Tag: StarTrek

MOVIE REVIEW | ***TREK WEEK*** Star Trek: Into Darkness (2013)

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I know old school Trek fans may think this is blasphemy, but JJ Abram’s 2009 reboot of the series was the only one that made me genuinely psyched to see what comes next.  Sure, Wrath of Kahn got me a little curious about what would happen after Spock’s death, but ‘a little curious’ was about the extent of it.  But when I pressed play on Star Trek: Into Darkness, I was actually excited to see where these incarnations of the Starship Enterprise crew would take the story.

In a great opening that does the job of any opening in a sequel, we get a fun set piece that reminds us who’s who and what they’re all about.  Chris Pine’s Capt. Kirk is the impulsive loose cannon who never thinks things through.  Zachary Quinto’s Spock is the epitome of Vulcan logic who can’t understand the wacky humans and their even wackier emotions.  Simon Pegg’s Scotty is the comic relief, Zoe Saldana is as hot and as no bullshit as ever as Uhura, and Karl Urban is Bones.  With John Cho and Anton Yelchin as Sulu and Chekoc respectively falling victim to character overlard and not getting very much to do.  The additions this time around include Alice Eve, the too-hot-to-be-a-scientist scientist and potential Kirk love interest.  The ludicrously Britishly named Benedict Cumberbatch as bad guy (but is he bad?), Kahn.  And Peter Weller as Starfleet Commander Marcus, an ally (but is he an ally?).

Early on in Star Trek: Into Darkness, there’s a terrorist attack on Starfleet perpetrated by Kahn.  Kirk and his crew are sent after him with the orders to kill on site.  When they catch up with him, Kirk decides to take Kahn alive so he can be tried for his crimes.  This is where we get Kahn’s back story and learn his motivations are fuelled by being abandoned by Starfleet  This is one area where the remake doesn’t quite have the impact if the original.  In Star Trek II: The Wrath of Kahn, Kirk and his crew had history with Kahn and were personally responsible for what he became.  This time around, the links are a little more manufactured and a little less effective.

Kahn’s capture unveils a greater threat from within Starfleet, leading to Kirk reluctantly teaming up with Kahn to defeat a greater evil.  It all gets a little convoluted and overblown at this stage, but none of that matters, because Abrams knows when to push the story aside for a cool action set piece.  The final sequence being especially great.  Even if the ‘super blood’ and its plot device purpose were telegraphed a mile away.

There are only two things that kind of bugged me about Star Trek: Into Darkness.  The original series built a really strong dynamic between Kirk, Spock and Bones, but I don’t think the reboot has really figured out how to use Bones yet.  It’s almost like once the writers figure out how to shoehorn in a use of, “Damn it, I’m a doctor, not a (insert punch line here)”, they think they’ve done all they need to with the character.  The other problem I had was Alice Eve as a scientist.  I’m not saying good looking people are never smart, but Alice Eve is a kind of pretty that’s too perfect.  She almost looks more like a doll than a real person.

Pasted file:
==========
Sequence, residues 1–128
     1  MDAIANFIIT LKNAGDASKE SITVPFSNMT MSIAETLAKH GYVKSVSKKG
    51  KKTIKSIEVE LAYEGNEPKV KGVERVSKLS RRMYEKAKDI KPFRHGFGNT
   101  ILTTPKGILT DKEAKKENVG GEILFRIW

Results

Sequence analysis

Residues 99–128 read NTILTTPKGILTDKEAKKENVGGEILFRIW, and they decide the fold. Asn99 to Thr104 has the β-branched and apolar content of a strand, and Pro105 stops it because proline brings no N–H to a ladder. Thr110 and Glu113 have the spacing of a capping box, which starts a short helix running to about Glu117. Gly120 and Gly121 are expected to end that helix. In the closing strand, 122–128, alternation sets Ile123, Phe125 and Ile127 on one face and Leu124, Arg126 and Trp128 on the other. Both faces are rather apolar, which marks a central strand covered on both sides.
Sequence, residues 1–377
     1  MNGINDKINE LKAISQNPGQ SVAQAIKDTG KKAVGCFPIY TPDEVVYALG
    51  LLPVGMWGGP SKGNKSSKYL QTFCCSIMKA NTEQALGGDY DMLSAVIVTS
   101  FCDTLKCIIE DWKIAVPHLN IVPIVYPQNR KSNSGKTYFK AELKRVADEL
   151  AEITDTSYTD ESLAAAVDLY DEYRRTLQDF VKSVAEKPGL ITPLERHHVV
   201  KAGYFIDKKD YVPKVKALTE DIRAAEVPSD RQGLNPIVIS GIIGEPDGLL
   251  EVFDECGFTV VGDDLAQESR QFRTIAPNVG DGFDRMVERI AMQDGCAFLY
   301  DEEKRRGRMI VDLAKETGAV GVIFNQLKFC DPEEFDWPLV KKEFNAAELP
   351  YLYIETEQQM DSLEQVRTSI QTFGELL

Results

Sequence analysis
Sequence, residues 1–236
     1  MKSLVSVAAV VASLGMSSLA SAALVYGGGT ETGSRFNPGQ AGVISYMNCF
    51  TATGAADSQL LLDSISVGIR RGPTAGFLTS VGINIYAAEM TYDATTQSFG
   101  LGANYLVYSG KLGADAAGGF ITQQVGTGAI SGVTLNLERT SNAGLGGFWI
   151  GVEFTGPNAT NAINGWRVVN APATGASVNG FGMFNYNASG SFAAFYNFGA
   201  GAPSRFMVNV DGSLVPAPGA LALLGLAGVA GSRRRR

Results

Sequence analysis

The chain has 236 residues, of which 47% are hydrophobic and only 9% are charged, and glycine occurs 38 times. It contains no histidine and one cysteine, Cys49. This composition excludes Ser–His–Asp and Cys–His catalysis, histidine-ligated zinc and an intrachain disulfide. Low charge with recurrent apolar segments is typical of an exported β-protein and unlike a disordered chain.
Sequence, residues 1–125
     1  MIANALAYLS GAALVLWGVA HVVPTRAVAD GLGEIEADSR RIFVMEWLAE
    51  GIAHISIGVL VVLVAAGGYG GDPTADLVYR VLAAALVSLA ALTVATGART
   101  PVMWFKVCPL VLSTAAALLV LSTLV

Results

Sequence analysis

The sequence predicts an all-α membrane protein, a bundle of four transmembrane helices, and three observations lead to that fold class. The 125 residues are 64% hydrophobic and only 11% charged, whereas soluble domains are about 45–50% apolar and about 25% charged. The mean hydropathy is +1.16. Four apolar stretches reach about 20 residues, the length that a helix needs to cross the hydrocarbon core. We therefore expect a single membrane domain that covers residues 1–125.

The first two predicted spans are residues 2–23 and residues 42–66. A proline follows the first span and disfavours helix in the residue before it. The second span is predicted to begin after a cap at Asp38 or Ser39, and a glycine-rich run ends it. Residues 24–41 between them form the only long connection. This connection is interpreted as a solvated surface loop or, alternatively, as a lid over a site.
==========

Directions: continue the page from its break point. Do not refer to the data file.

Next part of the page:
To me, as a casual viewer at best, I’d have to say the Trek franchise seems stronger than ever.  And for the first time, I’m excited enough about what comes next that I’ll probably even pay a few bucks opt see it in a cinema.

Star Trek: Into Darkness
Directed By – JJ Abrams
Written By – Roberto Orci, Alex Kurtzman, Damon Lindelof

MOVIE REVIEW | ***TREK WEEK*** Star Trek (2009)

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I’ll say this much for the JJ Abrams’ reboot of the Trek series, it does not mess around.  Opening in the middle of a space battle and child birth happening simultaneously, Star Trek gets stuck right in from the get go and never really lets up until the end credits roll.

The space battle involves the father of Capt. James T. Kirk, sacrificing himself and his ship in a battle against Nero, an evil Romulan played by Eric Banner.  The childbirth is that of Capt. James T. Krik, who’ll grow up to be Chris Pine, a loose cannon who plays by his own rules.  When he joins Starfleet at the urging of his father’s friend Pike (Bruce Greenwood) he meets and immediately befriends Dr ‘Bones’ McCoy.  He also meets and immediately clashes with Zachary Quinto’s Spock, so of course they’ll never become best friends.

Soon, they’re all aboard the brand spanking new Starship Enterprise with Pike in the captain’s chair and Kirk a stowaway.  They answer a distress call form Spock’s home planet of Vulkan and get there to discover it’s Nero, the same Romulan who dispatched Kirk’s old man in the opening scene.  A lot of exposition goes down to explain who Nero is, there’s a little bit if time travel and Leonard Nimoy pops up as old Spock.  It’s the perfect level of convolutedness to make time travel and its effects seem somehow plausible, while never being hard to keep track of what’s going on.

The actors playing the core crew give their performance just enough homage to the originals without ever resorting to hammy impressions.  Pine has the cockiness of Shatner covered, and even throws in one or two stilted line readings.   Quinto handles the measured contemplation of Spock in true Nimoy style and Pegg as Scotty unashamedly jumps head first into the job of comic relief.  Zoe Saldana gets a lot more to do as Uhura than Nichelle Nichols ever did and John Cho’s Sulu is more of an ass kicker than the old movies ever allowed George Takai to be.  The odd man out is Karl Urban as Bones McCoy.  I’m not sure if I loved his scenery chewing take on Deforest Kelly the most, or if he would be more at home on a Saturday Night Live sketch parodying this movie.  Either way, his performance is interesting and stayed with me.